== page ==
Skyscrapers, Gangsters & Skeletons: The Absolute Weirdest Museums in NYC
When a city’s so big that one of its boroughs alone would be the fourth-biggest city in the country, there's gonna be something for everyone, especially if that something is super-weird stuff. Supervillain-fighting gear? Check. A Harry Potter vodka shot, ignited with a “magic wand” by a bartender in a Gryffindor scarf? Check. Impromptu record-setting pizza parties or L train flashmob meals (flashmeals?)? Check and check. But what if you want some culture with your weird? Big ol' check -- we've got a dozen museums here with themes so weird, or weirdly specific, that even the most niche interests will be sated.
No physical location
It sounds as generic as they come: a museum of food, the most basic of human necessities. But in one of those clarity issues your 10th grade english teacher warned you about, the "New York" part of the title here actually refers to the food, not the museum's location. (The event-throwing, film-screening, exhibition-sponsoring organization technically doesn't even have a location.) Make no mistake: NYFM is full-on niche; its purview is NYC food and only NYC food. Subjects range from a history of the hot dog cart, to a review of the 19th-century breweries of Brooklyn, to pickles. We're still hoping for a retrospective on the bodega breakfast sandwich, though.
Some might say New York doesn’t need a skyscraper museum, because it IS a skyscraper museum. Please punch those people. The staff at this museum loves all kinds of skyscrapers, even those far, far away from our so-called vertical metropolis, like Dubai’s Burj Khalifa or Taipei 101. These are the structures the museum profiles, pits against each other in a “World’s Tallest Buildings” competition, and replicates on a 1:500 3D scale (along with a model of Lower Manhattan on a 1:300 scale). But the building worship here is more than, er, steel deep. No modern architect worth his or her salt cares more about form than function, and to that end, there's just as much discussion of what goes on inside these gargantuan buildings: newspaper publishing, finance, or some serious high-end living. Or you, walking around the skyscraper museum. Well, maybe not the last one.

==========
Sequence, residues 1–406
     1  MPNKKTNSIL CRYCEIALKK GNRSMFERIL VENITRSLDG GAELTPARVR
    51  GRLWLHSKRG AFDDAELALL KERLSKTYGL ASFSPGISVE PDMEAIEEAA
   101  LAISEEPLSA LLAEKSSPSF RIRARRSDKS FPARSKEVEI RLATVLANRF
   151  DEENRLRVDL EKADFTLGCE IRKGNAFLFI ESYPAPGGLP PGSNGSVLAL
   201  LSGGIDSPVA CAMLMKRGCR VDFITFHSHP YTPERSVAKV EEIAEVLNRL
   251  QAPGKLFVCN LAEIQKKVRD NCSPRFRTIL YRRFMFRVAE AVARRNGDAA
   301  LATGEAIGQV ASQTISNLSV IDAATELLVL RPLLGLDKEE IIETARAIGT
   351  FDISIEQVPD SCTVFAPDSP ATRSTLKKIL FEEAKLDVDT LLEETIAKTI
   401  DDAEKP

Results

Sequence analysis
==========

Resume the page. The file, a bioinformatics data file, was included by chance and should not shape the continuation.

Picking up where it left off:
A popular ‘90s PBS show did not open with the phrase "math rules," but we don’t think Bill Nye would be too salty about the misquote; along with the cast of MythBusters, the Science Guy is one of MoMath’s highest-profile fans. To understand why is as easy as annoying your parents with one of his baking soda and vinegar volcanoes -- or spinning furiously in a cylindrical chair to create a hyperbola (“Hyper Hyperboloid” exhibit, ground floor). In fact, there are 37 such exhibits here (we counted them, with numbers!), all of which are interactive, and many of which involve cool equipment like those spinning chairs, WWII-era encryption machines, or even lasers. And if the trend-spotting mood strikes, you can head over to "pattern pants" and try on polypaint-printed trousers -- by our advanced hipster population-sampling binomial distribution model, we're 95% confident they're the next big thing.